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Eric makes some very good points in his last few posts and for the most part I agree with him. The above example however is not a true matching set, the Suneate are mismatched and there have also been several repairs/additions made, including miss matched Egawa on the Fukigaeshi, the addition or replacement of one of the rings on the chest as well as other inconsistencies.

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The re-cycling of older elements into a new Japanese armour was perfectly normal and goes back a very long way. Two armours in the Royal Armouries show this clearly. One, given to King James I (and VI) by Shogun Tokugawa Hidetada, has been lacquered and laced to match but has the dou and sode of hon kozane whilst the shikoro and tare of the mask are kirritsuke kozane. The sode also are of much smaller scales and have different kanamono. The other armour, given to King Philip II of Spain and originally belonging to a member of the Shimazu family, is made up from old plates cut to new sizes from an older armour. I have also repaired a pair of o-sode made from the plates of an old dou. They even used the more curved plates from near the waist by cutting them in half and riveting them so that they were straighter. When you looked along the length you could see the double hump.

As Eric says, sangu should have the same fabric and the same edging, be it leather or braid. The best indication of matching of the laced parts is the takuboku ito around the edge. This material comes in so many colour combinations and the dyes fade at such different rates that it is virtually impossible to match them. Uwe's armour does not have fur around the bottom of the shikoro but a hair covering - you can see the cross-knots inside. I agree that the sode are associated. You can tell from the colour of the lacing and the lacquer as well as the fur. Apart from that it looks perfectly homogeneous and a nice tidy armour. Don't forget that many wore mixed armours, even the very wealthy. There is a painting of a Duke of Ferrara wearing parts of two armours - you wore what were comfortable and would work in battle. The famous armour of Kuroda Nagamasa, daimyo of Chikuzen, has a helmet that doesn't match (it is red lacquered whereas the rest is black), but wore it because it was given to him by Fukushima Masanori.

Ian Bottomley

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Thank you Eric and Ian,

I know that it is almost impossible to get an untouched matching armor. Like Ian pointed out, its because of the "re-cycling" of older parts especially kabuto.......apart from the efforts of present dealers to earn more money with "complete sets" :rant:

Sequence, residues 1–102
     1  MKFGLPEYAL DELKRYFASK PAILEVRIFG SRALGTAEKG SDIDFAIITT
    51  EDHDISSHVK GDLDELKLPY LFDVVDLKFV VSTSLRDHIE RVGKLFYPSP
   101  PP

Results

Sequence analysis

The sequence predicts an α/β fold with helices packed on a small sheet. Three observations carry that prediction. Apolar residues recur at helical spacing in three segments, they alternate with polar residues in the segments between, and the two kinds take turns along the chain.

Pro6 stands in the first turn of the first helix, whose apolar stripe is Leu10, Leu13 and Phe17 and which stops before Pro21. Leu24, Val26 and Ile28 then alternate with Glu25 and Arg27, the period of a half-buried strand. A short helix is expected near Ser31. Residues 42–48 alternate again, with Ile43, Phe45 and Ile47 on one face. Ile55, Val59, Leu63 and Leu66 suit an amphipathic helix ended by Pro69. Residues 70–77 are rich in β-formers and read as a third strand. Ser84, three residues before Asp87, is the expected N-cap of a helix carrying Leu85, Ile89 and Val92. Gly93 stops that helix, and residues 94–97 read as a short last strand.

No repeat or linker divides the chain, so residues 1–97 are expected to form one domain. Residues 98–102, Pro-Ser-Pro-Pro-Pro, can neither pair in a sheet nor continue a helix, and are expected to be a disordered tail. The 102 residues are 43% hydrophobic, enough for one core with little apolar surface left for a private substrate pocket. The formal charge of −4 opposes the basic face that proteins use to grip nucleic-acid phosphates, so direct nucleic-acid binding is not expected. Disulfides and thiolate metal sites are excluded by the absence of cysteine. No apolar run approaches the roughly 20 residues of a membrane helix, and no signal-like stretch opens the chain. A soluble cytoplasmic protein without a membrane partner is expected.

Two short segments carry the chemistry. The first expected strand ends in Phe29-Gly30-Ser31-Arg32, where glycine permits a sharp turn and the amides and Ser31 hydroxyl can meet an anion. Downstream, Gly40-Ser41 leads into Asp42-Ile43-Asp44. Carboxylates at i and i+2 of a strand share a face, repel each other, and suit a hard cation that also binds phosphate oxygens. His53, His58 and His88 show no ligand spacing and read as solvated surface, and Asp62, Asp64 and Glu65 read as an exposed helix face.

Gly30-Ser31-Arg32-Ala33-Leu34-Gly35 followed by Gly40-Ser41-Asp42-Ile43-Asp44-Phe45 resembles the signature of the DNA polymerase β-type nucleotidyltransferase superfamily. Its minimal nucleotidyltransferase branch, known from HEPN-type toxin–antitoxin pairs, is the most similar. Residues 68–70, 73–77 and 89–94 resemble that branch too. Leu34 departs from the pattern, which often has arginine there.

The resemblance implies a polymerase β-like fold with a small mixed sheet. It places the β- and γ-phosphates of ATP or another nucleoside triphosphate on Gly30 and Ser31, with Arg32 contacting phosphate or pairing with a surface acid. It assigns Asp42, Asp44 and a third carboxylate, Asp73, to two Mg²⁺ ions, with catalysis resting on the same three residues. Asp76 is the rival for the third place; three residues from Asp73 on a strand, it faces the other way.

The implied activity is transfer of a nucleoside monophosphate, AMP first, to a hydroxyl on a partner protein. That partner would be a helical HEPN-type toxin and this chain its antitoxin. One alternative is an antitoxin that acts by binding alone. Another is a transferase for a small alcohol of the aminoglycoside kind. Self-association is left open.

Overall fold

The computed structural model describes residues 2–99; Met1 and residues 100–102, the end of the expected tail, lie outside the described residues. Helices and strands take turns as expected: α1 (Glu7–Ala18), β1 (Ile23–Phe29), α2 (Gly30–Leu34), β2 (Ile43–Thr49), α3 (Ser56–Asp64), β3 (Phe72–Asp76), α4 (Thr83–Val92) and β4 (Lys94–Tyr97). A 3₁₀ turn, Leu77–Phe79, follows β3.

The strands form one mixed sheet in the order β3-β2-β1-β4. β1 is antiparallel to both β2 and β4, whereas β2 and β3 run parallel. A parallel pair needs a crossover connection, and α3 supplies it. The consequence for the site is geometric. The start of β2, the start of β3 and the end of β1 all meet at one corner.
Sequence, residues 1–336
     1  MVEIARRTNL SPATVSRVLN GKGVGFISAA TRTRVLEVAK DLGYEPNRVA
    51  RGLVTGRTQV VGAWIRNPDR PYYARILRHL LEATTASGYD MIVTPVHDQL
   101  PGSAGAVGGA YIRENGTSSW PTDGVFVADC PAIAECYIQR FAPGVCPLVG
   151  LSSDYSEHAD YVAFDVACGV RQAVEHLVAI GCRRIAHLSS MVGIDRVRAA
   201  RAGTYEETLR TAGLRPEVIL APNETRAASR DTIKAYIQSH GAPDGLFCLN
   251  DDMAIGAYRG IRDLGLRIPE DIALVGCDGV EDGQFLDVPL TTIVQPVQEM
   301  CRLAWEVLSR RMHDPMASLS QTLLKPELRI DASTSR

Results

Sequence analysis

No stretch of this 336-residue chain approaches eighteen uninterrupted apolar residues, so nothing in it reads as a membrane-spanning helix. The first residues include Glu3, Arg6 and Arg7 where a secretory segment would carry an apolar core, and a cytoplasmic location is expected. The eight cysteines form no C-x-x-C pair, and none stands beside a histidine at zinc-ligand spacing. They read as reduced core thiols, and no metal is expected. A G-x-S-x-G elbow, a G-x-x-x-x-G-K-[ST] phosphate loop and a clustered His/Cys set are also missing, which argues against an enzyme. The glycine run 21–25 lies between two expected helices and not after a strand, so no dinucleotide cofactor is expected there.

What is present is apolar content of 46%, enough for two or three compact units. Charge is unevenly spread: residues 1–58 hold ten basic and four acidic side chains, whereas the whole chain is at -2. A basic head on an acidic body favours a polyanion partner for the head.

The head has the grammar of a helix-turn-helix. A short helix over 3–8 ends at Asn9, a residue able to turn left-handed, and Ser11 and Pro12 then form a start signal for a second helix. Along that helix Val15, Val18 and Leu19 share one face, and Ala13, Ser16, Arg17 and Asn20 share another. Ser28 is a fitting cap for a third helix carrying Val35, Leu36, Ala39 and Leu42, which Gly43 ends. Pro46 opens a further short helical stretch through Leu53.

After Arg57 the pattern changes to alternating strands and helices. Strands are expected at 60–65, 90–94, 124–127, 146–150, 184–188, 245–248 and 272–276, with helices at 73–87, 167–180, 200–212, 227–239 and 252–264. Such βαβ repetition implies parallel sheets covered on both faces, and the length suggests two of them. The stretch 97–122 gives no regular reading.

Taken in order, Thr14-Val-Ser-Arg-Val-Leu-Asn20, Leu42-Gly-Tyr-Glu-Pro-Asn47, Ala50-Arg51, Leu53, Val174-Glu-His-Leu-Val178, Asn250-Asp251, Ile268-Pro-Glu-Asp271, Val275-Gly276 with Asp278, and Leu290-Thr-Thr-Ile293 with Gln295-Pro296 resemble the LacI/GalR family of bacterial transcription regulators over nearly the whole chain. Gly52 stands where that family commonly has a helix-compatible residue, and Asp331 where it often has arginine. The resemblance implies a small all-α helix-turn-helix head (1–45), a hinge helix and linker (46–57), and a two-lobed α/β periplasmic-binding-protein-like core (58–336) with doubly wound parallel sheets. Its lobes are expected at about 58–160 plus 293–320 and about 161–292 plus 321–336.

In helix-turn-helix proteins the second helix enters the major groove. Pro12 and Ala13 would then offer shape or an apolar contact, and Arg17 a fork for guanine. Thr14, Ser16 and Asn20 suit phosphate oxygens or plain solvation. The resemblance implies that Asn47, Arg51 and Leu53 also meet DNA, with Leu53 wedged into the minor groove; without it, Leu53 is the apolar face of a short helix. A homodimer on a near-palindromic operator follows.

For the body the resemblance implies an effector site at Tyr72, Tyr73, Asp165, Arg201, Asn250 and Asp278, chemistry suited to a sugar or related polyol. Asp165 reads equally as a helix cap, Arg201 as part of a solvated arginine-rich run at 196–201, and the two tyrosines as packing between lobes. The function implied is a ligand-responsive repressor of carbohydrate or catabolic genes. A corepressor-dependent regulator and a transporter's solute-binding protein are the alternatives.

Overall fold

My sangu set is absolutely matching. Same fabric same kusari etc. What me leads to assume that the set is added, is the fact, that the kikko of suneate is different to the kikko of the do (watagami.....don`t know the right term for the "wings").

The sode seems to be kiritsuke kozane, like the do and the odoshi of both looks quite similar.......I know, the fur :doubt:

However I`m happy with my "shimazu clan member". :D

Uwe

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Uwe, Do not assume that different kikko means the sangu do not belong. I have an armour with two pair of suneate - one is a pair of bishamon suneate for riding and the other shino suneate for walking. Both have the same fabric, etc but the kikko are totally different. The bishamon pair match the kikko of the kohire and collar, dark blue Dutch cloth and pale blue sewing. The other pair have white Dutch cloth. Suneate in particular are often odd balls with armours. I have seen them sewn on different cloth even when the lacquer and stye matched. I assume it was because they often became soaked or very dirty and were just repaired.

Ian

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Ian,

that was new to me. I thought until now that matching kikko is one indicator for a "true gusoku". :thanks:

 

Eric,

kohire :idea: .....of course......I`m growing old. Is the collar not called manchira :?:

 

Uwe

Yes Ian had some good observations, I have not heard of samurai using an armor with a kabuto etc that did not match, that and the info of the suneate fabric and kikko is very helpfull, I have seen several armors that seemed to match except some small difference on the suneate, Ians explanation makes sense. As for "manchira", yes people do use this word to describe the padded shoulder neck guard but my research points to tate-eri for this small piece. Manchira are a form of armored vest much like a manju no wa. Here is a link to some pictures of manchira etc.

 

http://en.wikipedia.org/wiki/Wakibiki